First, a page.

We left Granville in misty, lumpy conditions and used “Henry” to help us make some progress against headwinds and contrary tides. By late afternoon we’d had enough, despite a visit from a school of dolphins and headed for St. Cast picking up a buoy outside the harbour for a swell ridden night before leaving early the following day for Lezardrieux. The forecast was for 5 or 6 but we left with gentle 3 and sunshine and made good progress despite the headwind. Closing the shoal waters off Ile de Brehat the wind picked up to a 6 with us doing 7 knots + we headed down the south side of Brehat toward the river. No problem picking up the marks and under main and “Henry” we made it into safety, serenity and a peaceful night’s kip, if only that’s how the story went….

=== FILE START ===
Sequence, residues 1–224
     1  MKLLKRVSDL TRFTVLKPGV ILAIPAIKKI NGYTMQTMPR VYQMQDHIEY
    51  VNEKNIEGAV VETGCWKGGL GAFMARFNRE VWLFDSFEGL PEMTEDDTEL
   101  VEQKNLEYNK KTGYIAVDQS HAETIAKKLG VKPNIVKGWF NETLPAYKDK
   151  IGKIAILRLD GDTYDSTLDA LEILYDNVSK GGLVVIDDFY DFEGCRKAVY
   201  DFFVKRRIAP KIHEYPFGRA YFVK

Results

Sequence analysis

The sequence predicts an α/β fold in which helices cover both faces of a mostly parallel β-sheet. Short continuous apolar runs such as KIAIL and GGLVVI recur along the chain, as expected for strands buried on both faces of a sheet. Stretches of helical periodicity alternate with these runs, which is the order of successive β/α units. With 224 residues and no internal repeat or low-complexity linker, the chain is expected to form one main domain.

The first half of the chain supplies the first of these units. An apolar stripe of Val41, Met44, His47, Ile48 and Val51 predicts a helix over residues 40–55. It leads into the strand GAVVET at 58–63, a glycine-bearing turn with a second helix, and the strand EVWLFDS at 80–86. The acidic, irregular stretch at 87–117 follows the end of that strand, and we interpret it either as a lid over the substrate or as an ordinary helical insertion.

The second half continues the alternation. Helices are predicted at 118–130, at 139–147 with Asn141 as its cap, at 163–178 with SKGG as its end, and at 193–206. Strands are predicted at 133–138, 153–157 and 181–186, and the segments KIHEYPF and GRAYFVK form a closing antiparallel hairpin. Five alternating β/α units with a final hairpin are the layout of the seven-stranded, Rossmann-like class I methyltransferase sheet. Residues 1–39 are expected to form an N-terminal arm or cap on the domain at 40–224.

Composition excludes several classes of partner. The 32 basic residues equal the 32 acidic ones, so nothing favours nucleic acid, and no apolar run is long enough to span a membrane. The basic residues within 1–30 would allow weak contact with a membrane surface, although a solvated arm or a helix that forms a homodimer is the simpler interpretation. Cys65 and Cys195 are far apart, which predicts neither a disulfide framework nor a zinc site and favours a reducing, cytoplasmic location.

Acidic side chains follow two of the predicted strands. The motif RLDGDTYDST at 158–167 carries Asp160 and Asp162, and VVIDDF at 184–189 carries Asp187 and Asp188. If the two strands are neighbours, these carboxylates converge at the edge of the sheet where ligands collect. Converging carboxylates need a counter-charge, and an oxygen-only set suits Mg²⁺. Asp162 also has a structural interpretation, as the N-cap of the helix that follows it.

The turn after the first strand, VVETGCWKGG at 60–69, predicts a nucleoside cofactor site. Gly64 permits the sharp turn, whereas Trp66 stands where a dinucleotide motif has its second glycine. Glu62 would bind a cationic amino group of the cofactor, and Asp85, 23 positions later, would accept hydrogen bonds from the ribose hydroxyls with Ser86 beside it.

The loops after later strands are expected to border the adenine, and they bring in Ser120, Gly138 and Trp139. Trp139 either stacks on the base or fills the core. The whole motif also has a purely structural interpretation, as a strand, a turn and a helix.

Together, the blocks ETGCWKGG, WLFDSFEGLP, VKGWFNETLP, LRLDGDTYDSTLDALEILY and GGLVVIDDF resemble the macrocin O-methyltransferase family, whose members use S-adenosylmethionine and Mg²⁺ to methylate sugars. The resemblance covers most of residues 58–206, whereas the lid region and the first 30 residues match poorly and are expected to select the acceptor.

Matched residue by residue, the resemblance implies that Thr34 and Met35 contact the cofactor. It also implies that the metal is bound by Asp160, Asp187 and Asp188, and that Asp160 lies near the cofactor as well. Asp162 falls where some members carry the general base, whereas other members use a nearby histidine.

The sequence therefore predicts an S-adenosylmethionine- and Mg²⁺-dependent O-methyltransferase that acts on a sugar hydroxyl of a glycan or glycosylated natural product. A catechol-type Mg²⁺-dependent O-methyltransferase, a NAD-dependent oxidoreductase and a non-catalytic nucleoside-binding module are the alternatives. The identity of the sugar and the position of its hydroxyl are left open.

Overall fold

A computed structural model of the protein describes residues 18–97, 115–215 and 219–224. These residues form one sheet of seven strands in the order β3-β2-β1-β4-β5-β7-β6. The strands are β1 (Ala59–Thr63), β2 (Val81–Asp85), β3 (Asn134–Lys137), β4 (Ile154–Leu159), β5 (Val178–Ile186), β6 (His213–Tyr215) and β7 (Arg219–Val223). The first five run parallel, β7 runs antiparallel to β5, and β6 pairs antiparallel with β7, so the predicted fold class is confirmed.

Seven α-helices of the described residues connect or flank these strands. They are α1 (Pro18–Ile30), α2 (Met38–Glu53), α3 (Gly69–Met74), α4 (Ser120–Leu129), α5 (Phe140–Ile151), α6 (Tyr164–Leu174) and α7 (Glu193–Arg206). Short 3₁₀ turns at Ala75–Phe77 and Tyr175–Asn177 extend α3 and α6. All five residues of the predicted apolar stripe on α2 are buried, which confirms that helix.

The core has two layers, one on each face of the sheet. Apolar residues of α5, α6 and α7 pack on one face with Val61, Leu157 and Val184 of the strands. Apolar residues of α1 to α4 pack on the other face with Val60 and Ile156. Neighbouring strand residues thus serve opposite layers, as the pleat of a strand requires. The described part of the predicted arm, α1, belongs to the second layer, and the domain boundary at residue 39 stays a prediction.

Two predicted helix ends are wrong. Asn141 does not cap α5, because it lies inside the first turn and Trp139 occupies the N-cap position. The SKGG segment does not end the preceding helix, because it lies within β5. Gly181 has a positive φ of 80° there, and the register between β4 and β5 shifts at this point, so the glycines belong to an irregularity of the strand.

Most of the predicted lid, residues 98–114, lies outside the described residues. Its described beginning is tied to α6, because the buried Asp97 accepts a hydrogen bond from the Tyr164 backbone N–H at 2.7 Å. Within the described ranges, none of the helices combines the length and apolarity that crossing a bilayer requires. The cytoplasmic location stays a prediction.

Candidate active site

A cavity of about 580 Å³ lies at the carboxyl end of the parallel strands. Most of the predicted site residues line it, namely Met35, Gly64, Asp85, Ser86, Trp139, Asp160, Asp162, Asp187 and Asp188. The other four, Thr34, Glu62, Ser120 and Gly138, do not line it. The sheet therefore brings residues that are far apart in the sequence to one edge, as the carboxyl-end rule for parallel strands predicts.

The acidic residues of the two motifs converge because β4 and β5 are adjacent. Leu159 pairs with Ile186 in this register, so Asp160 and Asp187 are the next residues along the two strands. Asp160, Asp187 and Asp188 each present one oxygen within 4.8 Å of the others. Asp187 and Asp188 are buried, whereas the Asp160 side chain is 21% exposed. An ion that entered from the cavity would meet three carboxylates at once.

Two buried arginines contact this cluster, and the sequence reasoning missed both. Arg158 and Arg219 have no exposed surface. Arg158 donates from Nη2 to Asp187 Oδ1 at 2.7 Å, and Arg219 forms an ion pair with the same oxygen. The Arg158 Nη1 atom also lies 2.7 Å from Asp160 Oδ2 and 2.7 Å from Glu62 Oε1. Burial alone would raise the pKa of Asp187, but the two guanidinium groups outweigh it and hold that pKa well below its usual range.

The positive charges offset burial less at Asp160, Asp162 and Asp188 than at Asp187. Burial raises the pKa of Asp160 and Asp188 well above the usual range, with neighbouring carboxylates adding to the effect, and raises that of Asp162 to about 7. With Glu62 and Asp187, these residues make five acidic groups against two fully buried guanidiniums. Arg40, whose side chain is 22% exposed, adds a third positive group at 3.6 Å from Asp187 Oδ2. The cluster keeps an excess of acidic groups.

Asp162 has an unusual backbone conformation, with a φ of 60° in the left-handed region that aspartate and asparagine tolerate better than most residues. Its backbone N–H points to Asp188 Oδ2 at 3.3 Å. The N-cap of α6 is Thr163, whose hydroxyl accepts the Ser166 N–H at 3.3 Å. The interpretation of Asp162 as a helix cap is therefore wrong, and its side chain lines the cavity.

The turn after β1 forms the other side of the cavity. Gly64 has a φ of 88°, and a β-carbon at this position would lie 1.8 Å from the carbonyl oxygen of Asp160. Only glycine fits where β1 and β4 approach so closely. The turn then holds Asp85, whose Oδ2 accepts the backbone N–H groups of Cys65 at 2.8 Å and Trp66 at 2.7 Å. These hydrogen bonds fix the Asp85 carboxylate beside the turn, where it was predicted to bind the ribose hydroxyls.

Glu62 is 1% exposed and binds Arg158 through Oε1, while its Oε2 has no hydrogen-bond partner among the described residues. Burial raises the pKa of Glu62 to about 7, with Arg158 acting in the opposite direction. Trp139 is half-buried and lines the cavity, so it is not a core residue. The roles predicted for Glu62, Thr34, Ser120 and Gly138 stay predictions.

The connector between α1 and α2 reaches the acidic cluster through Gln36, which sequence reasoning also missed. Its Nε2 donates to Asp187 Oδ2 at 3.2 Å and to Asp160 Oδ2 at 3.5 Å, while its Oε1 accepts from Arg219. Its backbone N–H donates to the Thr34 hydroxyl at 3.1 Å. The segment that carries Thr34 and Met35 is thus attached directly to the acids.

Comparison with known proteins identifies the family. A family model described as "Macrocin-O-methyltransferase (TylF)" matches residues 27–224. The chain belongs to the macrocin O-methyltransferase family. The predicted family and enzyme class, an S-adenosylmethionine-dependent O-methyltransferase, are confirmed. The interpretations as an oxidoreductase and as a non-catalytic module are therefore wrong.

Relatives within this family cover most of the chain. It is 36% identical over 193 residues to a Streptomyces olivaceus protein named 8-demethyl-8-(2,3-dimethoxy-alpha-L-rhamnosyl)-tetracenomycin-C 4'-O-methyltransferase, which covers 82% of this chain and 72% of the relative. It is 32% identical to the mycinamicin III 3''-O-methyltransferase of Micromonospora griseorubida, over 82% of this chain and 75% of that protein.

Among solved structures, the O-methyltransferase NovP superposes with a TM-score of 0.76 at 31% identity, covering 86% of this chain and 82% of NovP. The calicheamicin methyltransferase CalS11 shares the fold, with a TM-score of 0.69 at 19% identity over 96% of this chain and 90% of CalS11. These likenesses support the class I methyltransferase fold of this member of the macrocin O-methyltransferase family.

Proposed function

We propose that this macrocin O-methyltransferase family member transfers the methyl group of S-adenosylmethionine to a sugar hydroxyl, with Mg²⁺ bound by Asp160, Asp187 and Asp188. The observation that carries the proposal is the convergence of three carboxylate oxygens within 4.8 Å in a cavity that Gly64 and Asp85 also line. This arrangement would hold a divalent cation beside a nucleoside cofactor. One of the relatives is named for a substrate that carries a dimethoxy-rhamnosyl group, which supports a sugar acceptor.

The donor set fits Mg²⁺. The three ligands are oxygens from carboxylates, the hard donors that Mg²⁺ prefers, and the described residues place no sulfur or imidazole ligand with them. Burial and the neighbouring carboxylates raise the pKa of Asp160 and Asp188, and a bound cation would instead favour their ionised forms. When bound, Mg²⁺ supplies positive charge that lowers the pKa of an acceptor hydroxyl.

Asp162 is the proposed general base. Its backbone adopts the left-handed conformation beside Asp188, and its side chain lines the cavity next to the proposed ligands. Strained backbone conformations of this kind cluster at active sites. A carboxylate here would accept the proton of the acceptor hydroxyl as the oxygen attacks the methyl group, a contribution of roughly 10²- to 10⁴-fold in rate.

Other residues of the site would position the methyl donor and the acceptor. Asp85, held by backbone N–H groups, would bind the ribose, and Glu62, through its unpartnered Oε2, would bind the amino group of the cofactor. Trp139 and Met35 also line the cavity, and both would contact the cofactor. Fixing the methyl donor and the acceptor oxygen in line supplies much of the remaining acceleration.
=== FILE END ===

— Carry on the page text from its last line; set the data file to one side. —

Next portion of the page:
Tacking across the narrow channel under main and engine we cleared the Rade de Brehat and were NW of an isolated danger mark called Rompa. We’d tacked each time as the depth dropped to 4 metres under the keel only this time I took my eye off the sounder for a few seconds at the wrong moment. Looking back the depth had dropped to 3.2 and as I swung the tiller went down to 2.5…. I was about to shout to Bee that we could have a problem when we heard a crashing sound, felt a lurch to starboard, the bow rose ominously out of the water and all forward movement stopped. The boat tilted upward toward a sunny, blue sky, the stern was a foot lower in the water than it should be, the exhaust note muffled by the water that covered it. Dropping the main, no time for harbour stows now, we looked at each other in dismay. The wind was blowing strongly onto the port bow and if we managed to get off would simply pile us further onto other waiting rocks. A very rapid check below showed no water in any of the bilges but with the wind getting up and the tide beginning to flood we needed to work quickly. The only luck in the whole scene had been the lurch to starb’d as we found we could easily launch the dinghy over that side, away from the wind and waves. Thanks be to Yamaha as without the outboard the whole job would have been so much more difficult. We lowered the Danforth, 10 metres of very heavy chain and 50 metres of line into the dinghy and motored slowly away paying it all out. Tipping the anchor over in a hurried fashion gave me a ripped finger but once back aboard Bee slowly took up the strain and the anchor held. Every time we have used that anchor and combination we have had success but this was the most important to date. We waited. Every few minutes I would go gently astern and in due course we came off. The “only” damage we had been able to see was a long white gash on the keel but how low down we couldn’t work out. Having sorted ourselves out an hour and a half after running aground we set off tentatively up river toward our nights destination. Subdued and dry mouthed we followed the river watching the depth and twitching nervously when it dipped below 10 metres. Had one attempt at anchoring, dragged and picked up a nearby buoy for convenience before eating and DRINKING at midnight.